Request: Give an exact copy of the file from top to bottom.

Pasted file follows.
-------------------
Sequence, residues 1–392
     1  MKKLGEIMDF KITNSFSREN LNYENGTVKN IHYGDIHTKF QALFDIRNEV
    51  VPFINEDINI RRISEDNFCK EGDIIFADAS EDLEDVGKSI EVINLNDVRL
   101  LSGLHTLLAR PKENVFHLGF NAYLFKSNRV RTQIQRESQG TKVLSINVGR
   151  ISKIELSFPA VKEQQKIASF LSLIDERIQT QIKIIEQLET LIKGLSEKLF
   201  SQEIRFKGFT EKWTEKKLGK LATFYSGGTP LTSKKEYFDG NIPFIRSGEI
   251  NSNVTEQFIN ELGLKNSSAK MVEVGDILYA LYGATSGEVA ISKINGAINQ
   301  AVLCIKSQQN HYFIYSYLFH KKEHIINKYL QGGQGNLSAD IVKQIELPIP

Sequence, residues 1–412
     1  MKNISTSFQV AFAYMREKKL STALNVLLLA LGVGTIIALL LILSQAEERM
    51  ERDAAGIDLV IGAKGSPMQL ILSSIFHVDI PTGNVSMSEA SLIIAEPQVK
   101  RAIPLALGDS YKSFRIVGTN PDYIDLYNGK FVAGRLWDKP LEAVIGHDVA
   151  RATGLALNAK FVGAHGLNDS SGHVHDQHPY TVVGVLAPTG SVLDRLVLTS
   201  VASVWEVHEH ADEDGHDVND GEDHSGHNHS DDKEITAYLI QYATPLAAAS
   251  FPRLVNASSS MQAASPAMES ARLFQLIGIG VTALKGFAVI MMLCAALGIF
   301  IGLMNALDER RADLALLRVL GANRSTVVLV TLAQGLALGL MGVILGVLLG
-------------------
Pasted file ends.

Sequence, residues 1–392
     1  MKKLGEIMDF KITNSFSREN LNYENGTVKN IHYGDIHTKF QALFDIRNEV
    51  VPFINEDINI RRISEDNFCK EGDIIFADAS EDLEDVGKSI EVINLNDVRL
   101  LSGLHTLLAR PKENVFHLGF NAYLFKSNRV RTQIQRESQG TKVLSINVGR
   151  ISKIELSFPA VKEQQKIASF LSLIDERIQT QIKIIEQLET LIKGLSEKLF
   201  SQEIRFKGFT EKWTEKKLGK LATFYSGGTP LTSKKEYFDG NIPFIRSGEI
   251  NSNVTEQFIN ELGLKNSSAK MVEVGDILYA LYGATSGEVA ISKINGAINQ
   301  AVLCIKSQQN HYFIYSYLFH KKEHIINKYL QGGQGNLSAD IVKQIELPIP

Sequence, residues 1–412
     1  MKNISTSFQV AFAYMREKKL STALNVLLLA LGVGTIIALL LILSQAEERM
    51  ERDAAGIDLV IGAKGSPMQL ILSSIFHVDI PTGNVSMSEA SLIIAEPQVK
   101  RAIPLALGDS YKSFRIVGTN PDYIDLYNGK FVAGRLWDKP LEAVIGHDVA
   151  RATGLALNAK FVGAHGLNDS SGHVHDQHPY TVVGVLAPTG SVLDRLVLTS
   201  VASVWEVHEH ADEDGHDVND GEDHSGHNHS DDKEITAYLI QYATPLAAAS
   251  FPRLVNASSS MQAASPAMES ARLFQLIGIG VTALKGFAVI MMLCAALGIF
   301  IGLMNALDER RADLALLRVL GANRSTVVLV TLAQGLALGL MGVILGVLLG